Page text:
The London Program courses are designed for the program and are taught by a combination of Binghamton faculty and program faculty based in London. Each course carries four units of credit unless otherwise noted. Course approval for non-SUNY students must be granted by the student's home institution. We recommend that Binghamton students speak to an academic advisor in their school about any study abroad plans.
Binghamton Courses for Spring 2013
Each course is 4 credits. Students may choose to take 3 courses to total 12 credits, or 4 courses to total 16 credits.
English 450W: The British Experience
The British Experience course is designed for students in different disciplines to engage in the study abroad experience from the perspective of their own academic
interests and majors. In Britain, students will explore aspects of British and European culture with the goal of seeing and writing about American culture from the
perspective of what they have learned by seeing their country from abroad. Students will meet in class to assess and analyze these experiences from the perspectives of their own disciplines. This variable credit course is appropriate for students in any major, but some students who are not English majors may find it advantageous to work with a professor in their own department to do a project that can be assessed in Binghamton for course credit in that department. English majors, likewise, may take this course for English 450R credit or for independent study credit in an area needed to fulfill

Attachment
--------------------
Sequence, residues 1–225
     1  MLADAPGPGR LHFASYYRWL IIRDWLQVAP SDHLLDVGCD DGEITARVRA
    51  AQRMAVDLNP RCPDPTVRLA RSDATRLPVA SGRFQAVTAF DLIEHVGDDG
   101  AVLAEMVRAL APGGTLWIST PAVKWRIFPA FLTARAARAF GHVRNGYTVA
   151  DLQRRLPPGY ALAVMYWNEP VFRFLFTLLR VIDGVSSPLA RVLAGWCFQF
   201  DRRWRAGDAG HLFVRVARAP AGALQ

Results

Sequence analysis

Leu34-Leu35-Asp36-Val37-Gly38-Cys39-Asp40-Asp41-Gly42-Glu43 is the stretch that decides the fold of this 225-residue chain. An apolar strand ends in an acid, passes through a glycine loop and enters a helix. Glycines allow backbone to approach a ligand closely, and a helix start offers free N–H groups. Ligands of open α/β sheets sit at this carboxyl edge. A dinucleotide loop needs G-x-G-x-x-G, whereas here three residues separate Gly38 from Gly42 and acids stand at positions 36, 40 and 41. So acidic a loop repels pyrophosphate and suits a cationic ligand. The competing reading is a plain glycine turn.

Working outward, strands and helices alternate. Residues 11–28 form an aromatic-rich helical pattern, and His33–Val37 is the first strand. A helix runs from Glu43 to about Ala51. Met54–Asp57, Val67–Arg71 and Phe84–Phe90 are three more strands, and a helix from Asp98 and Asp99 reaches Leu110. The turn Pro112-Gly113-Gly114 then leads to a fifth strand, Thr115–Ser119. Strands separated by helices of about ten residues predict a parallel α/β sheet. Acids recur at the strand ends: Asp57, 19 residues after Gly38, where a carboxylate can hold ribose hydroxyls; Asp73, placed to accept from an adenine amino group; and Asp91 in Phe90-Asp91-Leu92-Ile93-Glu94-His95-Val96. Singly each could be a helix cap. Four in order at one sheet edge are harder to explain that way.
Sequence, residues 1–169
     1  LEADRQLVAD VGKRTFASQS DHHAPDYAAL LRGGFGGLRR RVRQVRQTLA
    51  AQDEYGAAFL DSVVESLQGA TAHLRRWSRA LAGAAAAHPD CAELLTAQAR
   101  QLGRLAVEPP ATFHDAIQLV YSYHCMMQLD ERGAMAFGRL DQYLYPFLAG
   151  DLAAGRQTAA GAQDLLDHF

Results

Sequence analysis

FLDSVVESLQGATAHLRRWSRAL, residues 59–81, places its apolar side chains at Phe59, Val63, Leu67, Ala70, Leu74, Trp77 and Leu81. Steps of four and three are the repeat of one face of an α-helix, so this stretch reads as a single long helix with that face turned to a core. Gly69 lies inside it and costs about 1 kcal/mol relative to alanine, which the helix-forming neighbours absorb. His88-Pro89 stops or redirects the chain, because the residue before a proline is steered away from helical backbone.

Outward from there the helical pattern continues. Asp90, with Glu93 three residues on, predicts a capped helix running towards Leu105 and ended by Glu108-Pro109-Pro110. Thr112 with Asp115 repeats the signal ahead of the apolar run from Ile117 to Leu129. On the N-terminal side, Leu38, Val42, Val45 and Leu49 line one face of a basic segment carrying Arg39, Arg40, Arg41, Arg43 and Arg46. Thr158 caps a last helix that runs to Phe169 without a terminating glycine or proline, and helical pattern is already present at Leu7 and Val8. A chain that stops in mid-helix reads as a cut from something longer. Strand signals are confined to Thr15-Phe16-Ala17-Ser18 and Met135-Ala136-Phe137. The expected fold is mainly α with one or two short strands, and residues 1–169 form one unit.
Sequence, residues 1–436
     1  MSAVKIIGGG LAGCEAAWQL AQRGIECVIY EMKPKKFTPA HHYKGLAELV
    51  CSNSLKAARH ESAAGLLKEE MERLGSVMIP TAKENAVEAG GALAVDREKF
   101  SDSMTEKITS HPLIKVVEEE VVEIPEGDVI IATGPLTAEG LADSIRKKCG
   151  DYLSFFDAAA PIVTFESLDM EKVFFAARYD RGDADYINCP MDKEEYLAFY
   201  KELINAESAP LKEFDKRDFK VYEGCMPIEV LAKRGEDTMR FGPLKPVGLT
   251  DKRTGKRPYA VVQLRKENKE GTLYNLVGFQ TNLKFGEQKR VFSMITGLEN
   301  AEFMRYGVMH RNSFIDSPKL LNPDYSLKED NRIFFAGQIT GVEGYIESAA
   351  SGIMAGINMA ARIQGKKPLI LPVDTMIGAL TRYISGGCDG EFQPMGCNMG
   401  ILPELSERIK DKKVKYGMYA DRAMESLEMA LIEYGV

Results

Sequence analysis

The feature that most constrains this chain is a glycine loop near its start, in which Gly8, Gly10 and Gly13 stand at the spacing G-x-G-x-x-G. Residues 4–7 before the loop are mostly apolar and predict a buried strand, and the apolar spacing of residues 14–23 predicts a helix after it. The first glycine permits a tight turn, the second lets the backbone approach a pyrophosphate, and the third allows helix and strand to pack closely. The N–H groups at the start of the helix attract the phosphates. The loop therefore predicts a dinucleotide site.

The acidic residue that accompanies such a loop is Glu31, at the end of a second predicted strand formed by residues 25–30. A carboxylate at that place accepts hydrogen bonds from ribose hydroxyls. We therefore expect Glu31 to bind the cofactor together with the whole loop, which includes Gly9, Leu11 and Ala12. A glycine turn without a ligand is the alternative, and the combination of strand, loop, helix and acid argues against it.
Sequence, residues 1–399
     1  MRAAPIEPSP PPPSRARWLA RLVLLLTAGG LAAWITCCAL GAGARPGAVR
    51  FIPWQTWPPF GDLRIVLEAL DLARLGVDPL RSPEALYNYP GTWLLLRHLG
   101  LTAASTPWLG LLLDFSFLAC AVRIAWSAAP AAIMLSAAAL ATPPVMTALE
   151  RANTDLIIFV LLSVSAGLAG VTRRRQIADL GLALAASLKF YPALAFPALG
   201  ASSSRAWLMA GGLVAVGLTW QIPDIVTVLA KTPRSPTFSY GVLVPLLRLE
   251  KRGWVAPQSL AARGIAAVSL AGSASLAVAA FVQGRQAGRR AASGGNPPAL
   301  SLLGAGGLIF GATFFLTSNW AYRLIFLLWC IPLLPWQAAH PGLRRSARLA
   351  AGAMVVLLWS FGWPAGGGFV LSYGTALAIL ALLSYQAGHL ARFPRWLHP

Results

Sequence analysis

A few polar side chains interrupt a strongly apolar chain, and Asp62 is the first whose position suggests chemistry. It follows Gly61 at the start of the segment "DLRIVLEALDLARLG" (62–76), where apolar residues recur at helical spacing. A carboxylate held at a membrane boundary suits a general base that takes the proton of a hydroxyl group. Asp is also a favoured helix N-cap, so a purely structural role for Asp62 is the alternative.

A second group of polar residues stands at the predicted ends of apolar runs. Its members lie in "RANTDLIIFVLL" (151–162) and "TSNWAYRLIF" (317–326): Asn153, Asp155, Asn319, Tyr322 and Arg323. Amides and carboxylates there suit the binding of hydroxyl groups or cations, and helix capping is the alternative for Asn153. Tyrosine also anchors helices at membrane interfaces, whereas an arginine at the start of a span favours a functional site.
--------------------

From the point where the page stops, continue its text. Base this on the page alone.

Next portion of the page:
a department requirement.
English 245H/400H: Shakespeare on Stage
London offers a rich menu of Shakespeare productions. From the plays available during our stay in London, we will select for study a group that promises variety and interest, including fringe theatre. The class will read the plays, see them, and discuss the productions as well as the complex implications of the texts. The goal of the course is to discover the attraction of Shakespeare through the ages and to consider the connections between our culture and the one in which he wrote. In
addition to seeing the plays in London, we will also go to Stratford-upon- Avon to visit his birthplace and to attend one or more theatre performances by the Royal Shakespeare Company. Students taking this class will have a guided tour of Shakespeare's Globe and Rose theatres, and will also see a play production at the Globe. All interested students on the program will be invited to join in these activities.
ENG 227/ENG 228 British Literature I & II
A survey of shorter works of poetry, prose, drama, and fiction in the long history of British literature, ranging from that of Chaucer and Shakespeare (Romeo and Juliet) through the Augustans and Romantics to the Modernists. We'll pay special attention to writings thematically pertinent to students' studying abroad, works concerned, for example, with being young, traveling, being a stranger, meeting new people, carpe dieming, thinking about an education, the joys and meanings of art and life, the present and the future. In the UK, particularly in London, we'll have an extraordinary opportunity to visit illuminating sites associated
with our readings and discussions. Students will take the course as either ENG 227 British Literature I or ENG 228 British Literature II.
ENG 380S Modern British Film